Revolutionary Democracy, Vol XIV, No 1, April 2008. From NCP Lit, PO Box 73, London SW11 2PQ. £3.50 pus 50p P&P (cheques to New Worker).
by Ray Jones
ANYONE who has listened to Soviet music on the British media will know that you can rarely escape an anti-Stalin diatribe to go with it. This is particularly the case with the great work of Dmitri Shostakovich who bourgeois propagandists are still trying to claim as one of their own.
In this Rev Dem issue there is a short piece by Shostakovich (translation thanks to Vijay Singh) which for some strange reason is rarely quoted on Radio 3: “Soviet people, small and great, own the name of Stalin and connect it with all that is best on earth....Soviet artists devote all of their creative energy to fulfil the calls of our own Joseph Vissionarovich. His words: write the truth!”
And this was written after Stalin’s death when others were ready to lable him a monster.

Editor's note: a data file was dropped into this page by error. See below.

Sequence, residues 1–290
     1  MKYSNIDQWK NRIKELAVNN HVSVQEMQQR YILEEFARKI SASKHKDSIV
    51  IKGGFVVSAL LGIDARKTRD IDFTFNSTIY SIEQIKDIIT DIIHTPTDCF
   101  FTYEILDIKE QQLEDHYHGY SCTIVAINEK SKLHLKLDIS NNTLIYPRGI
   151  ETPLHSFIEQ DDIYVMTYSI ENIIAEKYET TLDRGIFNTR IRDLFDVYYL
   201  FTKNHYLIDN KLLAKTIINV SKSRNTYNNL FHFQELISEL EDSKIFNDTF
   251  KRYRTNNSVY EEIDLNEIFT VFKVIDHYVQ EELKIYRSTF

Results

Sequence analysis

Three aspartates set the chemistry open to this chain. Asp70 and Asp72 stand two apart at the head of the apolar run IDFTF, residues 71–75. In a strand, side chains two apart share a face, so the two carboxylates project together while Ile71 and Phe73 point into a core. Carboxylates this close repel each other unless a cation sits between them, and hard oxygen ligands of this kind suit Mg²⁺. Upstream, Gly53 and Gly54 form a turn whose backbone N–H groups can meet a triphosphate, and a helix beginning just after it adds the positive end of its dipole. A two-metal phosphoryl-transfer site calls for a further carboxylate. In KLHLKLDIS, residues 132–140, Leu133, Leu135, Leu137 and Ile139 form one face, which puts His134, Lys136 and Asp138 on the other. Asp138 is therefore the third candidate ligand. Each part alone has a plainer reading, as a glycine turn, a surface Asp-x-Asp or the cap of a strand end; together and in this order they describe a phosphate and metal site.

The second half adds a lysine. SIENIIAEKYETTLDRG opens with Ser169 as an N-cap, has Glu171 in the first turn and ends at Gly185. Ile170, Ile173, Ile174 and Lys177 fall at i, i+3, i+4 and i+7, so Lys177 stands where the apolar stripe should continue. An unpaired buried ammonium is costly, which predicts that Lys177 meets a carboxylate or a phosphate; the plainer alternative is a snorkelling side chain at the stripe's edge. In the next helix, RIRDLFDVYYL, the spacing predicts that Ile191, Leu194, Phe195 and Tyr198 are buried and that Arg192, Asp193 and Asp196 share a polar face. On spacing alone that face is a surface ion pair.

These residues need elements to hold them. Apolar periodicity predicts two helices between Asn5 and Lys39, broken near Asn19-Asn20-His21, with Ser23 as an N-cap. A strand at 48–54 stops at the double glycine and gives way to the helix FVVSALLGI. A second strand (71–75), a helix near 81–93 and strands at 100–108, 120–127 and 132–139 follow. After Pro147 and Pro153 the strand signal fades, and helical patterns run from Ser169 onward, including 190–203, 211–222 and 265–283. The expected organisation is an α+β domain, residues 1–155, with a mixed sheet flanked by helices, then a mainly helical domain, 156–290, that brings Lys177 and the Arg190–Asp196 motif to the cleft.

Among the many other interesting and diverse articles so usual in any Rev Dem, are two to mark the 60th anniversary of the murder of the Indian leader Gandhi.
The first is by Y Roslavlev, published in 1932 by the State Socio-Economic Publishing House, Moscow/Leningrad, and is a blistering attack on “Gandhism” which concludes that it is “…from beginning to end…a reactionary factor and a better servant of the Indian bourgeoisie and of British imperialism.”
The second is by the British communist leader Rajani Palme Dutt and was written in 1948 on Ganghi’s assassination and strikes a very different note, beginning: “Gandhi died as he lived – battling in the cause of India and humanity.” But it is not a mere eulogy and does have a critical analysis – suggesting that his murder was prompted by a shift in his politics to the left (something we have seen since with leaders like Martin Luther King and Malcom X).
It is fascinating to compare the two views and I’m sure it would reward a lot of work.